The Fédération Nationale de l’Immobilier Côte d’Azur (FNAIM) has welcomed a decision by the Municipal Council of Nice not to increase the taxe d’habitation surcharge on people who own second homes in the city. In 2015, France implemented the law requiring a 20% surcharge on properties that aren’t registered as a primary residence in areas of France where there is a recognised housing shortage.
The measure was designed to free up housing for long-term, full-time occupants in parts of the country where accommodation can be tricky to find. These so-called ‘stressed areas’ include the much of the Côte d’Azur and almost all of France’s major cities. While Nice may well be one of these such areas - a zone tendue - the local council has decided not to increase the surcharges in 2017.
Other large agglomerations, however, such as Paris, are taking full advantage of the Loi de Finances Rectificative 2014 that introduced the taxe d’habitation surcharge and have risen contributions to 60% of the standard property tax. People in the capital who own a second home (and there are believed to be more than 100,000 of these properties in a city that has seen the holiday home market grow by over 40% in the last 15 years) will now be paying three times the amount of tax as other home owners who live in their property or who rent it out full-time and unfurnished to tenants.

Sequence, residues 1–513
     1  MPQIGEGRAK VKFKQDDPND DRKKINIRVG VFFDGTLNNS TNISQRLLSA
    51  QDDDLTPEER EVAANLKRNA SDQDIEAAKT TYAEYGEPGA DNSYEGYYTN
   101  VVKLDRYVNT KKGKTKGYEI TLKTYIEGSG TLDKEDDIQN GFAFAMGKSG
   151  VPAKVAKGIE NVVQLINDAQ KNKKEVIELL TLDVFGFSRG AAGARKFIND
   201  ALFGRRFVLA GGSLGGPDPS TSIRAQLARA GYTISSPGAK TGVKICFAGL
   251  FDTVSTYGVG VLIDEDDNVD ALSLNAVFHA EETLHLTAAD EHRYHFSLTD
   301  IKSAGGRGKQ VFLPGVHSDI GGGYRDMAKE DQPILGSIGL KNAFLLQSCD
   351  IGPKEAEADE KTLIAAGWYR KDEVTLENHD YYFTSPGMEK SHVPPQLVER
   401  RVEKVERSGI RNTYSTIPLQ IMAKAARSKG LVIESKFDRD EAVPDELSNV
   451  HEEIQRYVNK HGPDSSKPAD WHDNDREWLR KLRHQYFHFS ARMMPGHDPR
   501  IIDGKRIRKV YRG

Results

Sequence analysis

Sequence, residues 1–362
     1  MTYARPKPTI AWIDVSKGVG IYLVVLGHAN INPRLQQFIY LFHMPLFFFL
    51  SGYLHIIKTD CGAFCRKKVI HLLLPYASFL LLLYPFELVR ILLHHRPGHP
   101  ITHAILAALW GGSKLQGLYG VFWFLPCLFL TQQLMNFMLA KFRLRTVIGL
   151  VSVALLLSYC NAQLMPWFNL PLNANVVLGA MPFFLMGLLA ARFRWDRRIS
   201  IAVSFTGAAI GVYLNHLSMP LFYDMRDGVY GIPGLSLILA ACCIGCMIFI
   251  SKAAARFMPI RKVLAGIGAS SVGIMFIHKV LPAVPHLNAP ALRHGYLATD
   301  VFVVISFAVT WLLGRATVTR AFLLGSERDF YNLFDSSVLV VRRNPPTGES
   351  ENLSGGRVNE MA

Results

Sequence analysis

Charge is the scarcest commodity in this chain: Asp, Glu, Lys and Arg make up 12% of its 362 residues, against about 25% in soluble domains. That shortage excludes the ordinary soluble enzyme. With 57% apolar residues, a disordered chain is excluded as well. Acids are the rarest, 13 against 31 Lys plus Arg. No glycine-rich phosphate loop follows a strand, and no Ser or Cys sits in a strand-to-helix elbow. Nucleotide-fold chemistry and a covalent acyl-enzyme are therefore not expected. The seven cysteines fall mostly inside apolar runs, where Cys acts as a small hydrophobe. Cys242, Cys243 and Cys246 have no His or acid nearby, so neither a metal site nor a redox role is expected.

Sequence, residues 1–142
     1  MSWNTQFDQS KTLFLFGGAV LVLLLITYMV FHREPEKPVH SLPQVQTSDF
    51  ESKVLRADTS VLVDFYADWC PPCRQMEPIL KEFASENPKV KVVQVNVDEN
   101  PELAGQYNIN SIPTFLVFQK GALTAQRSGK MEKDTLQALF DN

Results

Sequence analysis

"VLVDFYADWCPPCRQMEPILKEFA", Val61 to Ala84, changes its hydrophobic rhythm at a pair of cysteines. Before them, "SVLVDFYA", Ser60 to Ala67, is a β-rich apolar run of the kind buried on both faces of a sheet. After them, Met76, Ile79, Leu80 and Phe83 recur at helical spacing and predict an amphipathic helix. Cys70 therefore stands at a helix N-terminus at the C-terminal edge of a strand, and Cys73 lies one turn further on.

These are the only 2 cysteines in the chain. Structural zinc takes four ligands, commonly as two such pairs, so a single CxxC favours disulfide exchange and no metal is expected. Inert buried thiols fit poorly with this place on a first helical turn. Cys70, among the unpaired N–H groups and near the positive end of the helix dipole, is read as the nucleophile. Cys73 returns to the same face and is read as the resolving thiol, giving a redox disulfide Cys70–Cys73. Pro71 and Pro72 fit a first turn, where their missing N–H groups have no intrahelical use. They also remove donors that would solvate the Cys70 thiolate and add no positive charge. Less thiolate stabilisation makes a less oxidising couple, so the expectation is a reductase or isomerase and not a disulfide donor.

The Côte d’Azur’s FNAIM argues that any new taxation will only serve to further paralyse an very important part of the real estate market in the Alpes-Maritimes. The FNAIM also criticised the law for failing to provide a route for people to rent out their second home long-term and also reserve a period of annual occupation for themselves ‘despite the property having been bought for this reason’.
In a statement released in February 2017, the regional chapter of the federation moved to highlight that second home owners will find it difficult to find a buyer for their property because there are not the homes that the market desperately needs, for example, first-time buyer and affordable, family-sized homes.